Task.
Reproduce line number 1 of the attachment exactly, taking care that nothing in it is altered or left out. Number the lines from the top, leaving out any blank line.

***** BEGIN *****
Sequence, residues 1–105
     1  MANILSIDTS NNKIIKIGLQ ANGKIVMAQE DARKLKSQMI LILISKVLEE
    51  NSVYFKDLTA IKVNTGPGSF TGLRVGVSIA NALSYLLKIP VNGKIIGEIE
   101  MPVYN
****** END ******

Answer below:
Sequence, residues 1–105